Want to Start a Revolution? Radical Women in the Black Freedom Struggle (Excerpt)

December 4, 2011

The below quote is taken from the chapter, Framing the Panther – Assata Shakur and Black Female Agency by Joy James

 

[Assata Shakur’s] eulogy for Safiya Bukhari, given in Havana on August 29, 2003, is haunting. Bukhari collapsed hours after she buried her own mother-the grandmother who raised Safiya Bukhari’s young daughter the day her own daughter became a BLA fighter and fugitive, going underground only to surface for an eight-year prison term. Bukhari survived the maiming medical practices of prison doctors (although her uterus did not) only to succumb to the “typical” black women diseases of hypertension, diabetes, obesity, and heart failure in 2002. The eulogy could be read as Assata Shakur’s – and that of all revolutionary black women who refused to circumscribe their rebellion, and paid the costs for that decision:

It is with much sadness that I say last goodbye to Safiya Bukhari. She was my sister, my comrade and my friend. We met nearly thirty-five years ago, when we were bothe members of the Black Panther Party in Harlem. Even then, I was impressed by her sincerity, her commitment, and her burning energy. She was a descendant of slaves and she inherited the legacy of neo-slavery. She believed that struggle was the only way that African people in America could rid themselves of oppression. As a black woman struggling to live in America she experienced the most vicious forms of racism, sexism, cruelty and indifference. As a political activist she was targeted, persecuted, hounded and harassed. Because of her political activities she became a political prisoner and spent many years in prison. But she continued to struggle. She gave the best that she had to give to our people. She devoted her life, her love and her best energies to fighting for the liberation of oppressed people. She struggled selflessly, she could be trusted, she was consistent, and she could always be counted on to do what needed to be done. She was a soldier, a warrior-woman who did everything she could to free her people and to free political prisoners.”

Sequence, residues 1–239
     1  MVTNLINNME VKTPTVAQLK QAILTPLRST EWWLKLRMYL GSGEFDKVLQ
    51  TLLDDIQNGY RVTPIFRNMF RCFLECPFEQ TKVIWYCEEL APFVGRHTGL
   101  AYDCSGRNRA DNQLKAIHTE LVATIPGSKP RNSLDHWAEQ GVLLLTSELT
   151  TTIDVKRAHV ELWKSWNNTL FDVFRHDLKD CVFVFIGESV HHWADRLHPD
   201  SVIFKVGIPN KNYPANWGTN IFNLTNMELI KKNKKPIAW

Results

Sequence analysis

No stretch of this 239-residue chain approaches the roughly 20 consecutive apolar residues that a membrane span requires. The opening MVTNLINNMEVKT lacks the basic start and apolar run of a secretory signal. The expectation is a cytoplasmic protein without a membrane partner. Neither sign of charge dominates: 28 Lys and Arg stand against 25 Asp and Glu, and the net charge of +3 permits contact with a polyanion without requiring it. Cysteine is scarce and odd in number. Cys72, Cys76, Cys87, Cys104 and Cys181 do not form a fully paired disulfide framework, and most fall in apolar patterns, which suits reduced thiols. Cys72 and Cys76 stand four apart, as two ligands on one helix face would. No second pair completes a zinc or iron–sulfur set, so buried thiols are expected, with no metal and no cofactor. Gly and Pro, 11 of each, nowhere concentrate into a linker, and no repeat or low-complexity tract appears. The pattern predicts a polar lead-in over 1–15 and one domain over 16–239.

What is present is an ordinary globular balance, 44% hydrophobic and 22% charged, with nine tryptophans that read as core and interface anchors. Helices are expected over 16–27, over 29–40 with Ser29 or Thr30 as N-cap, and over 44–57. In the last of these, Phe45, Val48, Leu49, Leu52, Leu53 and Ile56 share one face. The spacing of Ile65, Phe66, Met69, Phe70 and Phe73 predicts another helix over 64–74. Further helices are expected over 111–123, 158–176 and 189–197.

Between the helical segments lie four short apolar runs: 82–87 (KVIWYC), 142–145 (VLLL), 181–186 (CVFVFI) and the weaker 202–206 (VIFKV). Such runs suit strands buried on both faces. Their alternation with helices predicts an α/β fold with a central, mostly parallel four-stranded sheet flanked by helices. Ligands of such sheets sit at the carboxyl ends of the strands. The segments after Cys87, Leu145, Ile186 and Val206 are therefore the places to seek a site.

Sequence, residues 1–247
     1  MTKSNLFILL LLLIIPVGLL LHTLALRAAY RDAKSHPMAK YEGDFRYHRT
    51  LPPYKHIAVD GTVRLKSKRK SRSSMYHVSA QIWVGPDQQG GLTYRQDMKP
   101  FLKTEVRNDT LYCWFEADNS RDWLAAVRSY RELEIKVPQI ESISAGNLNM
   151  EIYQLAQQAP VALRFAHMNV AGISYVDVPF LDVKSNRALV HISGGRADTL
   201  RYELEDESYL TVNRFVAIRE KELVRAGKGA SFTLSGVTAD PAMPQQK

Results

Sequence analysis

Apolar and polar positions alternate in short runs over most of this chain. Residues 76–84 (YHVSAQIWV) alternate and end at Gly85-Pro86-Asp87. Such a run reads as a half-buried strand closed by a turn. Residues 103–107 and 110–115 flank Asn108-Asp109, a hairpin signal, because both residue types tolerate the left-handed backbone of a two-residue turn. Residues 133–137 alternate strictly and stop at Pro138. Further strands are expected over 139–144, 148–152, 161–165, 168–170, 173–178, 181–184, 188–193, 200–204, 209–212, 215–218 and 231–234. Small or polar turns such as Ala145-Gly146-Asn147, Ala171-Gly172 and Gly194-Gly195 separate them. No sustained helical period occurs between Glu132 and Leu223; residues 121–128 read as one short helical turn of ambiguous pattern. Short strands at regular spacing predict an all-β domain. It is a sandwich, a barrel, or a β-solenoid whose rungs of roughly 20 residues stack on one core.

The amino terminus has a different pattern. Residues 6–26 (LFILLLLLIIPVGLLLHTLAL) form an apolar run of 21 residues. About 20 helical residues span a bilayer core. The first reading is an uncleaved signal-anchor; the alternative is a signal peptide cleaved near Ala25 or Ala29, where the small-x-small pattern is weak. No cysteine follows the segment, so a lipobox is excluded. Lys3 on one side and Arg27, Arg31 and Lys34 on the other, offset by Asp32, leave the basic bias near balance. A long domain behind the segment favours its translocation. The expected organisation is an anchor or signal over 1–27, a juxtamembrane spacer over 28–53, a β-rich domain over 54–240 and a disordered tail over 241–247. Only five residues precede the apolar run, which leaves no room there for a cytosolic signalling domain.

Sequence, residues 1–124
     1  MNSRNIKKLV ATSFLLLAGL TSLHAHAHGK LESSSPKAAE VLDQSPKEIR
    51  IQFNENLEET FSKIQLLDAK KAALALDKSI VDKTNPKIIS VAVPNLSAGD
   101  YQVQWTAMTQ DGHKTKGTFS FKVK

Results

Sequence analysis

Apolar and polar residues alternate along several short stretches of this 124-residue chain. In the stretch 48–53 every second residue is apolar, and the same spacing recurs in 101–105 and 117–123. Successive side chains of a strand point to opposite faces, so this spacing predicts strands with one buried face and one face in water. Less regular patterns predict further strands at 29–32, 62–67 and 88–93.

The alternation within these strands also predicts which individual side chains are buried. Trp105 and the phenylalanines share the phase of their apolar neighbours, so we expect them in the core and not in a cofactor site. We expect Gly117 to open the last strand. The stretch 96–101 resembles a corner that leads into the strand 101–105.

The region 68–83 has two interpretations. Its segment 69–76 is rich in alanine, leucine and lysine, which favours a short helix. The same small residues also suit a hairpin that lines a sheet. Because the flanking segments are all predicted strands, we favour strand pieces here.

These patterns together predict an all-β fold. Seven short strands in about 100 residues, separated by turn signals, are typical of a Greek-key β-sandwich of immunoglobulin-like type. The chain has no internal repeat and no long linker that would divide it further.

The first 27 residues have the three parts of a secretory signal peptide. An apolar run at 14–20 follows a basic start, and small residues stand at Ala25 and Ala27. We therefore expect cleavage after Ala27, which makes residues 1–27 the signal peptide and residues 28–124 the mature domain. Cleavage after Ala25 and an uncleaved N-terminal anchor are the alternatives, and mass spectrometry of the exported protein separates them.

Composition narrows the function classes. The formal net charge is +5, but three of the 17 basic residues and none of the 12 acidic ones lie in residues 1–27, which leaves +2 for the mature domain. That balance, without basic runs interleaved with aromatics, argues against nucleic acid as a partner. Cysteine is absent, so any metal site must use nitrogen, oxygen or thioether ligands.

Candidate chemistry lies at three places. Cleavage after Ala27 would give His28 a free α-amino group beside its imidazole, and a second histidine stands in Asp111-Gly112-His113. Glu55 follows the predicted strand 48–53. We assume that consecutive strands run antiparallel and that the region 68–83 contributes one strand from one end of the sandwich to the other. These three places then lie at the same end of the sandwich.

For Assata Shakur, the weight of isolation, alienation, and vilification are scars that are borne. Redemption does not occur on this plane or in this life. Betrayal by nonblacks and black, by men and wome, to part of the liberation narrative. There will be no gratitude, no appreciation, no recognition equal to the insults and assaults. So, Assata Shakur, in true revolutionary fashion, must conclude her testimonial embracing a community that radiates beyond our immediate boundaries and limitations:

“I have faith that the Ancestors will welcome her, cherish her, and treat her with more love and more kindness than she ever received here on this earth.”

Framing the Panther

Want to Start a Revolution? Radical Women in the Black Freedom Struggle

Related Links:

What Happens When a Book is Judged by its Cover

Assata Shakur: In her Own Words

Assata Shakur’s Autobiography (amazon)

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